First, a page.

This Court notes that Plaintiff has been afforded Due Process rights in that he has been provided numerous opportunities to comply with the orders of this Court. Thus, Plaintiff’s own failure to litigate this matter is not a denial of Due Process. See Dodson v. Runyon, 957 F.Supp. 465, 470 (S.D.N.Y. 1997) (“any claim that plaintiff’s due process rights were violated thus cannot prevail because the delay and resultant dismissal of plaintiff’s case are of his own making”); cf. Feurtado, 225 F.R.D. at 480 (repeated failure to comply with court orders diminishes a plaintiff’s right to present his claims). Accordingly, this factor also weighs in favor of dismissal.

5. Consideration of Lesser Sanctions

Finally, the Second Circuit requires district courts to consider whether lesser sanctions would sufficiently remedy any prejudice resulting from the plaintiff’s inaction. See Norden Sys., 375 F.3d at 257. Upon reviewing the entire record, it is this Court’s opinion that Plaintiff has no intention of complying with this Court’s Orders or properly litigating this case. Plaintiff and his attorney have repeatedly ignored directives by failing to appear in court, failing to file responses as directed, and failing to meet mediation and discovery obligations. Given the history of this case, this Court finds that any sanction short of dismissal would be ineffective. See Smith v. Human Res. Admin. of New York City, 2000 WL 307367, at *3 (S.D.N.Y. Mar. 24, 2000) (finding lesser sanctions inappropriate where past court orders did not motivate the plaintiff to move the case forward); Alevizopoulos, 2000 WL 1677984, at 4 (finding lesser sanctions inappropriate based on repeated failures to comply with court orders). Thus, this final factor also weighs in favor of dismissal.

Accordingly, this Court finds that dismissal of this case is warranted under Rule 41(b) for Plaintiff’s failure to prosecute.

B. Dismissal under Rule 37(b) For Failure to Comply with Discovery Orders

“A district court may impose sanctions when ‘a party . . . fails to obey an order to provide or permit discovery.’” Burns v. Imagine Films Entm’t, Inc., 164 F.R.D. 594, 598 (W.D.N.Y. 1996) (quoting Fed.R.Civ.P. 37(b)). Rule 37 of the Federal Rules of Civil Procedure, which concerns the discovery obligations of civil litigants, vests district courts with “broad power” and discretion to impose sanctions, including dismissal, on parties who fail to adhere to discovery orders. See Friends of Animals, Inc. v. United States Surgical Corp., 131 F.3d 332, 334 (2d Cir. 1997) (per curiam); see also Jones v. J.C. Penney’s Dep’t Stores, Inc., 228 F.R.D. 190, 195 (W.D.N.Y. 2005) (identifying dismissal of the action as an available sanction under Rule 37); JSC Foreign Econ. Ass’n. Technostroyexport v. Int’l Dev. & Trade Servs., Inc., No. 03 Civ. 5562, 2005 WL 1958361, at *9 (S.D.N.Y. Aug. 16, 2005).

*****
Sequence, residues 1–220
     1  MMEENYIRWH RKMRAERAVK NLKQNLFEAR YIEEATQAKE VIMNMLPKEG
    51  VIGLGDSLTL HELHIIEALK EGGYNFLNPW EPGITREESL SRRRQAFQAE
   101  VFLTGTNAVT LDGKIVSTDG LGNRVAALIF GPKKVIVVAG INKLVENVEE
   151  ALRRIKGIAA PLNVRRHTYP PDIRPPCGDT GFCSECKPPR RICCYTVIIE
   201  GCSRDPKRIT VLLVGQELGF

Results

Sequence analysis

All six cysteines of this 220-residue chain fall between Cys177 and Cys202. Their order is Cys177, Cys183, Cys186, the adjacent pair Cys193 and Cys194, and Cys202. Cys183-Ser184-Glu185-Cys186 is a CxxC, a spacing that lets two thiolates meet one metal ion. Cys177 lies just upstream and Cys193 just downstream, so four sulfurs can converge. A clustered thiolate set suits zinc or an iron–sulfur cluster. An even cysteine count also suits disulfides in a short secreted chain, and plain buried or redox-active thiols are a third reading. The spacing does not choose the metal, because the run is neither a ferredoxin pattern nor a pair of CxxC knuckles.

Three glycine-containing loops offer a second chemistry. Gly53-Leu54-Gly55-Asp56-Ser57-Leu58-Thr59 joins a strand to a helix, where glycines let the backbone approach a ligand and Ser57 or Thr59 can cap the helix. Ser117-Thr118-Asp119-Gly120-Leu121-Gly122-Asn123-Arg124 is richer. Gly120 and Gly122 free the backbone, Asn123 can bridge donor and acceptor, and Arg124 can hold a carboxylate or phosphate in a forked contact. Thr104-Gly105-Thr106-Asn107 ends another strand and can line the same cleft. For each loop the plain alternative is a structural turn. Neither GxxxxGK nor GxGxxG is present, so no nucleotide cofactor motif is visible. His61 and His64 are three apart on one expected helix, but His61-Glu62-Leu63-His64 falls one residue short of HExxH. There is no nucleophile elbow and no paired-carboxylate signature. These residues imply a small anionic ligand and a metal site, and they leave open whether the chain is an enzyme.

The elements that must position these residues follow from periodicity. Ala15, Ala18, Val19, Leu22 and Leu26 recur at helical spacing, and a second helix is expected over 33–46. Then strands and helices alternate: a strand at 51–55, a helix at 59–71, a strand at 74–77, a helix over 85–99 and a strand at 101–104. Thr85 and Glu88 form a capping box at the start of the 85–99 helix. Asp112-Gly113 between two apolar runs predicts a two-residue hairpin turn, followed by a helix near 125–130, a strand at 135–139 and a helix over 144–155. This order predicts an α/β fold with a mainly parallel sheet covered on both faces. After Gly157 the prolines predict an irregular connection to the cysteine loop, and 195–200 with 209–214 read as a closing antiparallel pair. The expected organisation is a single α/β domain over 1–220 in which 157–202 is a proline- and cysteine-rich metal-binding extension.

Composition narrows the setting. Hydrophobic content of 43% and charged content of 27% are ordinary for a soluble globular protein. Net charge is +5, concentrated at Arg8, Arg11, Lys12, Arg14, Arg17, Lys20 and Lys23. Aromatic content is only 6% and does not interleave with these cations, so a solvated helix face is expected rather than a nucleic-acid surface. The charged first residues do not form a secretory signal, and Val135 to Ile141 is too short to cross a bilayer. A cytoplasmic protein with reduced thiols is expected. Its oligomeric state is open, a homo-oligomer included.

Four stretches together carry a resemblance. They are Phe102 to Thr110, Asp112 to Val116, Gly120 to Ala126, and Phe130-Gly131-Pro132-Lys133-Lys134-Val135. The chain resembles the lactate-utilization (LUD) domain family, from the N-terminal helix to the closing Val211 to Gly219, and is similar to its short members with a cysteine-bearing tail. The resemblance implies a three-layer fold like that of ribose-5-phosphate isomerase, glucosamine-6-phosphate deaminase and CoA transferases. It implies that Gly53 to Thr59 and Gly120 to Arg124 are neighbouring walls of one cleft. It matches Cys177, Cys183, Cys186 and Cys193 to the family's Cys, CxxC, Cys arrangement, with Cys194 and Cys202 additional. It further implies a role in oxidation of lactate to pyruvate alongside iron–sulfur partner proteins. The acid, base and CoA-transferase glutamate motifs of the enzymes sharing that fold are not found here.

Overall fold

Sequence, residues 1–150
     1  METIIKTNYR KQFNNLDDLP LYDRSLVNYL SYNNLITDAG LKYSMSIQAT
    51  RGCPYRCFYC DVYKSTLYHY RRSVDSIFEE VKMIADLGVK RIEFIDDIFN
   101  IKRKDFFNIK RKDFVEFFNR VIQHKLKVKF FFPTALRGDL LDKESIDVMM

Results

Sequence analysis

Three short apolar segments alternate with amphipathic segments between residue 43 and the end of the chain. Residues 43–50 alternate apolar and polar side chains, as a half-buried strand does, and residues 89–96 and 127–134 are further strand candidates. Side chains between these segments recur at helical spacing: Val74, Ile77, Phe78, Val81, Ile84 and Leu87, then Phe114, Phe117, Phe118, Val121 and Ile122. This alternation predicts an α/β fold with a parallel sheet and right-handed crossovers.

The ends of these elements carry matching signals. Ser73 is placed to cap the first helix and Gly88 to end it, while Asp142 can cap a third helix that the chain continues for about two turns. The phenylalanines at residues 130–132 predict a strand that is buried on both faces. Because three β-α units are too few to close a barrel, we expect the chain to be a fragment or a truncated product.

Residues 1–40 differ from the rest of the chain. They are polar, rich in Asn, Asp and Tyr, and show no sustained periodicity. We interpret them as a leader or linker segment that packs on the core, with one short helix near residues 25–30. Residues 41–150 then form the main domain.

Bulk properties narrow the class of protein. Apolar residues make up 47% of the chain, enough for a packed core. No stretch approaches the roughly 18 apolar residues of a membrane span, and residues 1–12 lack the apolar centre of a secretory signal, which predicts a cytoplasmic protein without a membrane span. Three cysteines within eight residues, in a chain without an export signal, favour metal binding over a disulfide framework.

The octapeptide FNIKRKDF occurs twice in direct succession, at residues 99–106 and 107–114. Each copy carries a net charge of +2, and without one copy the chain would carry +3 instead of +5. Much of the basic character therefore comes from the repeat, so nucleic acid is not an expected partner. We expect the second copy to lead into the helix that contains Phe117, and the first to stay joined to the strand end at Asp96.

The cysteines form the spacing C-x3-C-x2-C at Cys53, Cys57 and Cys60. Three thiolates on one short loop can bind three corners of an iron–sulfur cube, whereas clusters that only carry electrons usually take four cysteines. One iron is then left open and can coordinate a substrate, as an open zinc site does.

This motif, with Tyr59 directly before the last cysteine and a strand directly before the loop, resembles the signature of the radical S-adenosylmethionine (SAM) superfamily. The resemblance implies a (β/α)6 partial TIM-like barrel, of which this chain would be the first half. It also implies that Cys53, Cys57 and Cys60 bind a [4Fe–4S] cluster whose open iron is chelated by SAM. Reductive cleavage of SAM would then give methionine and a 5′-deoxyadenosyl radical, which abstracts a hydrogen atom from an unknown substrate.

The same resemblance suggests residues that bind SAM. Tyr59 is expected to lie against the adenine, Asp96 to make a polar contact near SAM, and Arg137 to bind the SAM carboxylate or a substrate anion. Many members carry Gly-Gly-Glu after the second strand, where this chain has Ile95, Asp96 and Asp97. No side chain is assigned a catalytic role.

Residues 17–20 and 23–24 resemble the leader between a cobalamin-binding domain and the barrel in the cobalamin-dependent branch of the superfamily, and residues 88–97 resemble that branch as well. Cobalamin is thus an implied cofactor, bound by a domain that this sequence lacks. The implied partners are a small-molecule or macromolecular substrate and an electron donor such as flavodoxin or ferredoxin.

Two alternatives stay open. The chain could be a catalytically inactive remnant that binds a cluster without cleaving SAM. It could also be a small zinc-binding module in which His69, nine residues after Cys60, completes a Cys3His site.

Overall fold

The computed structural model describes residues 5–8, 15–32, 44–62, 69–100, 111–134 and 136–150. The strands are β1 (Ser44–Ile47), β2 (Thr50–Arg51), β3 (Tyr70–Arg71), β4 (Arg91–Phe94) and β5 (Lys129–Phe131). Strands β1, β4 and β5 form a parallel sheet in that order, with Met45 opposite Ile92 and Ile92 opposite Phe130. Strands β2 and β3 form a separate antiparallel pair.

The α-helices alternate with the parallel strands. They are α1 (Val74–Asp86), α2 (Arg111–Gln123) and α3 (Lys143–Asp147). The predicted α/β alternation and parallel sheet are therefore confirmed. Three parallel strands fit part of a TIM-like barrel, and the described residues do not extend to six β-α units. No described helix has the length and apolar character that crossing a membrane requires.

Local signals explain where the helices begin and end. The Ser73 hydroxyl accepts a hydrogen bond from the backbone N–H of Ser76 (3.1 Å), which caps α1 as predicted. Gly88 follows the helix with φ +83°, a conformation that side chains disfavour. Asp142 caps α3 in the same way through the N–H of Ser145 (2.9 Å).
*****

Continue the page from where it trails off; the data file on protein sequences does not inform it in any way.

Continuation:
Although Rule 37 dismissal is a drastic remedy reserved for only extreme circumstances, it “is warranted . . . where a party fails to comply with the court’s discovery orders willfully, in bad faith, or through fault.” John B. Hull, Inc. v. Waterbury Petroleum Prods., Inc., 845 F.2d 1172, 1176 (2d Cir. 1988) (and cases cited therein); see also Societe Int’l v. Rogers, 357 U.S. 197, 212, 78 S.Ct. 1087, 2 L.Ed.2d 1255 (1958) (sanctions under Rule 37 justified where responding party has control over information requested and fails or refuses production without showing of inability to comply with court’s order).

For all of the reasons discussed above, this Court finds that dismissal of this case is also proper under Rule 37(b) for Plaintiff’s failure to comply with Judge Schroeder’s discovery orders.

IV. CONCLUSION

Plaintiff has inexplicably failed to diligently prosecute this action and has failed to comply with orders of this Court. As such, because each of the factors relevant to the Rule 41(b) and Rule 37(b) analysis favor dismissal, this Court will dismiss this case with prejudice.

V. ORDERS

IT HEREBY IS ORDERED, that Worthington’s Motion to Dismiss (Docket No. 24) is GRANTED.

FURTHER, that this case is DISMISSED with prejudice pursuant to Rules 41(b) and 37(b) of the Federal Rules of Civil Procedure.

FURTHER, that the Clerk of Court is directed to CLOSE this case.

SO ORDERED.


Buy This Entire Record For $7.95

Official citation and/or docket number and footnotes (if any) for this case available with purchase.

Learn more about what you receive with purchase of this case.